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Recently, I was called out in a major way. I didn’t see it coming, but as it turns out, I’d been stuck in a pattern that was seriously threatening an important friendship. And it all started with a to-do list.

I was sitting at my desk trying not to be overwhelmed by the mounting number of tasks ahead of me. Halfway down the to-do list was “Call Patrice.” Patrice is a dear friend whose recent phone calls I’d forgotten to return.

Then, lo and behold, my cell phone rang. It was Patrice. I sighed with relief, knowing that one of my to-dos had taken care of itself.

Patrice asked how my week was going. I responded with a generic “I have good days and I have not-so-good days, you know how it goes.” We went on to have a good talk about insecurities, laughing at our mutual tendency to dwell on those things and vowing to show up as our imperfect selves. I was having a great time, but I have to admit that my eyes were still on the clock. Patrice snapped me back to the present when she asked if I had a moment to discuss something important.

I got a little nervous. But I said, “Sure, of course.”

Patrice continued. “Sometimes I feel like you’re shutting me out. You know, you’re the only one I can connect with when I’m experiencing certain things, and when I don’t hear from you, it makes me sad. When I called you last week, it was because I really needed to talk to you.”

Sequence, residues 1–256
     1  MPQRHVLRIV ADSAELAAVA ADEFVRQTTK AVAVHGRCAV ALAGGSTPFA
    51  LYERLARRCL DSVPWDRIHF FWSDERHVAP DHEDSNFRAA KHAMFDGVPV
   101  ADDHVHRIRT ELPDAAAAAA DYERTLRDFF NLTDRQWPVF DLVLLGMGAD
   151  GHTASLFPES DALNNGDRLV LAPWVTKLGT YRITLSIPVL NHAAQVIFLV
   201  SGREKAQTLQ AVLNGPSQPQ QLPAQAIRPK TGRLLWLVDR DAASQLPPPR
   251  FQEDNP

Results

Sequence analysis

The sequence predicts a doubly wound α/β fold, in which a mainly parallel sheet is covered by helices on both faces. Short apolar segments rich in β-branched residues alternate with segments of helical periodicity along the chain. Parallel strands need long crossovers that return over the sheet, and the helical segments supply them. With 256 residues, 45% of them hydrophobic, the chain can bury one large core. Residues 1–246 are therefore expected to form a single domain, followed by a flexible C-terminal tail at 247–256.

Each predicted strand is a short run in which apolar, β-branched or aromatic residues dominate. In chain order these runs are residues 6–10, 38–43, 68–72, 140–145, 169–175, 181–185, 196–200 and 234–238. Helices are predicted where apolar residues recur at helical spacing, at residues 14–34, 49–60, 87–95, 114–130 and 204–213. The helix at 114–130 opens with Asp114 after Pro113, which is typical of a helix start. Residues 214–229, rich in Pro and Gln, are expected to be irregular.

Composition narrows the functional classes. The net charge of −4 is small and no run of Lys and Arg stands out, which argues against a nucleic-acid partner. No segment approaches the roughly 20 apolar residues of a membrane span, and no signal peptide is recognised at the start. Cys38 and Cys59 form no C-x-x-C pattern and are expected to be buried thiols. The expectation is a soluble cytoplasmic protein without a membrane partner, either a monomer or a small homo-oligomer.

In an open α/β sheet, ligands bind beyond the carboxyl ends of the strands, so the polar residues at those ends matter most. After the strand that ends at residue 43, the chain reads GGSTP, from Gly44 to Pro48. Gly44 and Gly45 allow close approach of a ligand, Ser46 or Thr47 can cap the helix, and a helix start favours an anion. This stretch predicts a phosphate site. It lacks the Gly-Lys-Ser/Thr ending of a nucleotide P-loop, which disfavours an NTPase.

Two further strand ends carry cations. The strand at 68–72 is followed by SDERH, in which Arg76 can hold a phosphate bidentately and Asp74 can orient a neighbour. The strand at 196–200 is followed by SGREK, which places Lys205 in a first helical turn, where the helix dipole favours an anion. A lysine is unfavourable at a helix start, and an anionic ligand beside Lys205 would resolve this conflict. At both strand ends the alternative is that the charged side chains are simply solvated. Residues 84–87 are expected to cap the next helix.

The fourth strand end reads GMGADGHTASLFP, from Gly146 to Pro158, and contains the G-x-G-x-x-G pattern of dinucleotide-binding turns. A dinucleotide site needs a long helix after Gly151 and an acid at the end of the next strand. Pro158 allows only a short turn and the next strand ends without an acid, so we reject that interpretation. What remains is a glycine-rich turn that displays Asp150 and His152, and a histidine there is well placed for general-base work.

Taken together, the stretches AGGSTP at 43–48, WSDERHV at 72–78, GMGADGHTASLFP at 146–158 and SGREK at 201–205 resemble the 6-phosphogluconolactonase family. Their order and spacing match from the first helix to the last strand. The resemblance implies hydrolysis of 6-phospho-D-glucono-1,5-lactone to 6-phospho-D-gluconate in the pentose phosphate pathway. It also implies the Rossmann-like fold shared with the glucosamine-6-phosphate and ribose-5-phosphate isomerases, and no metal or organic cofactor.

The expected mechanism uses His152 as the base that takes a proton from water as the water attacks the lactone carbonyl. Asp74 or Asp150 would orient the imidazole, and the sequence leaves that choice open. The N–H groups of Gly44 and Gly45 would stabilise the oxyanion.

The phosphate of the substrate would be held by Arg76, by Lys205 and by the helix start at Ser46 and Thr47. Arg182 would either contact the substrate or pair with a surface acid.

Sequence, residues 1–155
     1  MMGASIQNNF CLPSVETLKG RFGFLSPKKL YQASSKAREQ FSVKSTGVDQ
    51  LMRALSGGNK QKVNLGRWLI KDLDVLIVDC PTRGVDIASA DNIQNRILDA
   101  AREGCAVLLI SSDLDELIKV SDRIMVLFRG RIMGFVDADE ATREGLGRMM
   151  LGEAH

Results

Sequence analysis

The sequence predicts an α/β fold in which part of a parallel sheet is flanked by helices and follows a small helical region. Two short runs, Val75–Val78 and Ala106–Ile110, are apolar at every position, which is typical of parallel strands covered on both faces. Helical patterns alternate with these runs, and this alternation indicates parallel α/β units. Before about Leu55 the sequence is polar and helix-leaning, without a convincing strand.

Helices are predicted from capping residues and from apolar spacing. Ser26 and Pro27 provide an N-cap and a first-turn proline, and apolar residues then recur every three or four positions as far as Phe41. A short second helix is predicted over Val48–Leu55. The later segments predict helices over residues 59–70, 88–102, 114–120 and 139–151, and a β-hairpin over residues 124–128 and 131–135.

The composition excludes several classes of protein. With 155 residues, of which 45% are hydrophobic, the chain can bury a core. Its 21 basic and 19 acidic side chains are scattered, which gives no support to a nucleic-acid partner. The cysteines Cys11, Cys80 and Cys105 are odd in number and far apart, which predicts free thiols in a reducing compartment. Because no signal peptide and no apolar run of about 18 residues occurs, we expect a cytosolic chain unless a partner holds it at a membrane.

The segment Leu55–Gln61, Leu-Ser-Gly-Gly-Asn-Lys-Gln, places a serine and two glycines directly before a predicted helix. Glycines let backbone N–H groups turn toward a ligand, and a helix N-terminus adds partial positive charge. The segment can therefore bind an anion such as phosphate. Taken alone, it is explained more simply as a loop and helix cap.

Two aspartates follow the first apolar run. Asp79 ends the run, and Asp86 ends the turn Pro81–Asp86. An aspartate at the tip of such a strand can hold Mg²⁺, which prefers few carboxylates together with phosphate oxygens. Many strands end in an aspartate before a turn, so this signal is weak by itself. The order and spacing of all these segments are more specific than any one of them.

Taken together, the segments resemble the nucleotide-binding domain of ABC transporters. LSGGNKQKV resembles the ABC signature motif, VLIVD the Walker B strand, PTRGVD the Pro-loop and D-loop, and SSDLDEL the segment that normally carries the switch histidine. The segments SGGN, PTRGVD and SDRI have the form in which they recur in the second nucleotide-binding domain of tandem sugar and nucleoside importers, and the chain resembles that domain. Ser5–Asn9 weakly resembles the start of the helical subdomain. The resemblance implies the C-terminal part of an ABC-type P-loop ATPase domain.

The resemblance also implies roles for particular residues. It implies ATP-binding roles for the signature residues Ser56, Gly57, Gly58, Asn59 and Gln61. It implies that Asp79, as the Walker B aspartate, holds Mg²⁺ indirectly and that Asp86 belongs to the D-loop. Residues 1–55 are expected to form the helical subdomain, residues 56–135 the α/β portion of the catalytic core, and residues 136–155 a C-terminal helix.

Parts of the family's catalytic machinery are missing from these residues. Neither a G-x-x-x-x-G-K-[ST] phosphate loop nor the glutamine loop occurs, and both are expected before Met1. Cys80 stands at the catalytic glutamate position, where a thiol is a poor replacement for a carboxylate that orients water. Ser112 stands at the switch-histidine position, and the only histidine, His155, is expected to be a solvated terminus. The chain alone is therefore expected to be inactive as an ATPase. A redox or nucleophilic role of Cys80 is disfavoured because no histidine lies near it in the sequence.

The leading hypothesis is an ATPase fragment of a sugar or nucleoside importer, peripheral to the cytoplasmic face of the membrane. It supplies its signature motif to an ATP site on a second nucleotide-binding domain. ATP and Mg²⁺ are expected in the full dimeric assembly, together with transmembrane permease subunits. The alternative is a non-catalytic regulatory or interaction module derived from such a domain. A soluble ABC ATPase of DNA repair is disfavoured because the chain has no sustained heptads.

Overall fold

I remember vividly the personal stressors of the days leading up to our conversation and the accumulating missed calls from friends and loved ones. I’d made a decision to unplug, hoping to catch up on work; I have to admit I was also searching for a release valve and avoiding dragging others into my messiness. I’d created a terrible cycle of overcommitting and overworking, and I was completely overwhelmed.

As it turned out, during this same stretch of time, Patrice had been in a place of despair. She’d reached out to me for guidance, but knew that her repeated calls were being sent directly to voicemail.

In retrospect, I’d done this before: wrapping myself in the cocoon of my own stuff whilst forgetting that others existed outside of it. It’s a pattern that I’d thought I’d beaten, but has clearly re-emerged.

I also honestly thought that the friends I’d shut out wouldn’t miss my presence in their seemingly full-and-figured-out lives . . . or that they might just be better off without it. Patrice, for example, is a wake-up-in-the AM-and-run-a-few miles-before-work kind of girl. She’s always been there for me, lending salient counsel and advice. And, at times, I’ve wanted to reach out, but my inner “you aren’t good enough” voice warns me against sharing my messy life with others. And so I retreat. (Seriously, when did my inner voice turn into a mean girl?)

At previous points in my life, I’ve caught myself in this harmful process, created tactics to manage stress, and fully re-committed to my relationships. After the phone call with Patrice, I’ve been determined to break the pattern. I’ve come up with some more important to-dos for myself: the ones that will help me become a better friend to my loved ones . . . and to myself.